A snake across the greenness

The family of hares sit on the hillock and observed it all, monarchs of a sea of emerald. Away to the right across the large expanse of green, of trees and fields and the occasion red-roofed barn, sat Athenry. To the left, in the distance, a swathe of east Galway leading away in the mist to where lies Tuam.

They sit with a quizzical look on their faces at this new addition to their landscape, this grey snake that makes a hissing sound as little things move along it for mile after mile. For two years, they’ve listened as explosions blasted out rock, after hammers rat-a-tatted at the ground, piling soil high, moving in stone.

They’ve watched fascinated as people in orange and yellow with yellow hats drove diggers backwards and forwards and shouted out strange lines like ‘lock her swing her lock her, dump the shaggin thing there jesus padraig didn’t I say to dump it there” and then every mid-morning how they trundled off to some portocabins to “ate breakfast rolls and lash back lashins of tay”.

They watched them make that rock smooth and then a flat clean black and then they’ve watched as the funny men in the orange hats drew lines down the middle of this blackness. They’ve watched for days as their cars have driven up and down this new stretch as if they are looking for something, making sure that it is perfect, that all the signs are in place, or maybe they are just sad to be leaving a workplace, this urban snake in the midst of so much nature.

And yesterday the hares watched as a funny group of people came along with chains and cars and umbrellas and cut a ribbon and unveiled a plaque and said things like “hup ya boyah” and fought to get into the picture as if it was one of them who built the bloody thing, while the men in the orange hats stood by the side and let them take all the credit.

And Mother Hare looked at her offspring and answered their questions.

“What are they, you ask, Well I’ll tell you, they are called cars. They are boxes of tin with wheels on them and inside them there are probably one or two human persons. Human persons aren’t like us, my dears, they don’t use their legs to get around all day. No, they get into these car things and they drive them all together, in the one direction and then when they all arrive at the same time together, they all slow down and they get angry and annoyed and frustrated.”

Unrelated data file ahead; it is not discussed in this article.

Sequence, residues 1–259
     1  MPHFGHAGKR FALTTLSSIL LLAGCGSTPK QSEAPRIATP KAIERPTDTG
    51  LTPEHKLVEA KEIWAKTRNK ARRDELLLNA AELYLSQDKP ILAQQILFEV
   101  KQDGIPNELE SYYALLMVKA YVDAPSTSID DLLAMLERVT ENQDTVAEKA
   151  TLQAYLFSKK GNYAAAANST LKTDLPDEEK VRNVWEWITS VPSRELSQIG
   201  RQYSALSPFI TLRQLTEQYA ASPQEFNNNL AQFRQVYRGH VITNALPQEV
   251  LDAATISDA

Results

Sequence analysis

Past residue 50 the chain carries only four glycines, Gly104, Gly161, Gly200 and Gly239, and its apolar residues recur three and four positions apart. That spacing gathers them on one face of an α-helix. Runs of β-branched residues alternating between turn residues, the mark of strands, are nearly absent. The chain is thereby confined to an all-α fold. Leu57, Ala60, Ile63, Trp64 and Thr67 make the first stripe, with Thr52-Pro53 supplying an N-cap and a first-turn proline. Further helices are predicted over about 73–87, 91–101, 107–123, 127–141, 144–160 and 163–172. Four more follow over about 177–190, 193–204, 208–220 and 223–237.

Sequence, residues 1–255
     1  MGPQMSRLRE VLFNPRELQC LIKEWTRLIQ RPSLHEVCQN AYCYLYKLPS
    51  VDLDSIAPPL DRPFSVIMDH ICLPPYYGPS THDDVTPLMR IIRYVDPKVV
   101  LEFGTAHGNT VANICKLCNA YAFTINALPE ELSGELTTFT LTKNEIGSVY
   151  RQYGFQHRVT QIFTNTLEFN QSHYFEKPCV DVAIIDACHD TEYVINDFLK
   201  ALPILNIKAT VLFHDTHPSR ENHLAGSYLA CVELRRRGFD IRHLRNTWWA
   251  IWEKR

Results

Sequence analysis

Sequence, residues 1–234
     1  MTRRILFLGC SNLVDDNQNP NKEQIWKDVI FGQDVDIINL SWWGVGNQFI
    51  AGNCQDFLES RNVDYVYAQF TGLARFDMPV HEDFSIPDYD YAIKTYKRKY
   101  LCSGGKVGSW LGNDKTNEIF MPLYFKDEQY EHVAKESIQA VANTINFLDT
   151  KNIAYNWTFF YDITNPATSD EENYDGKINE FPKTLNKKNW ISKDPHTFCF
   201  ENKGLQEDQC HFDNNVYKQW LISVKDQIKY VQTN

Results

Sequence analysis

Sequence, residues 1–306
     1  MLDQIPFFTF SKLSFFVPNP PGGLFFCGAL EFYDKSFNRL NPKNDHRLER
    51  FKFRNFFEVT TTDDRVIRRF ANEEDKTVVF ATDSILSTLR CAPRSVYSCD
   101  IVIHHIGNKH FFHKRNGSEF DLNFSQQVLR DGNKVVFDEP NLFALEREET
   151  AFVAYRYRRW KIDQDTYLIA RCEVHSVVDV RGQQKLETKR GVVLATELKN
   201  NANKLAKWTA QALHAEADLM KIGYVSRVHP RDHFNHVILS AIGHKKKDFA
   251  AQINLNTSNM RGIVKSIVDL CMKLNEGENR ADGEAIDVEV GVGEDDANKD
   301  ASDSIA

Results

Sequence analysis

“But why do they do that, Mammy, every day. And why is that big thing there, Mammy, Right across our valley?

“That’s called a road, a motorway. It is new. You see, we cannot run across the valley anymore like we used to because the road runs right through it. This is the first time that you have seen cars and this is the first time that many of the animals here have seen cars.

“They go very fast Mammy, they go very fast.”

“That they do, my dears. You see, people who drive those car things, they don’t really learn much. They take the same journey every day and then act surprised when it ends the same. They sit there in their tin boxes without any real air coming in, and they do dangerous things like look at their phones while they are driving and going too fast if they are late. But remember, my dears, haste is not always good. It is better to arrive late than to be dead on time, that’s my motto,” she said, as they snuggled into one another.

And as the sun set over this hillock in East Galway, the hares and the foxes and the badgers all crept out of their homes last evening and looked down at their new neighbour, stretching across as far as the eye can see, and they spent the night in wonder at the sights and sounds and lights that it brought... And when exhaustion took them, they fell asleep, and slept the sleep of a thousand sleeps.

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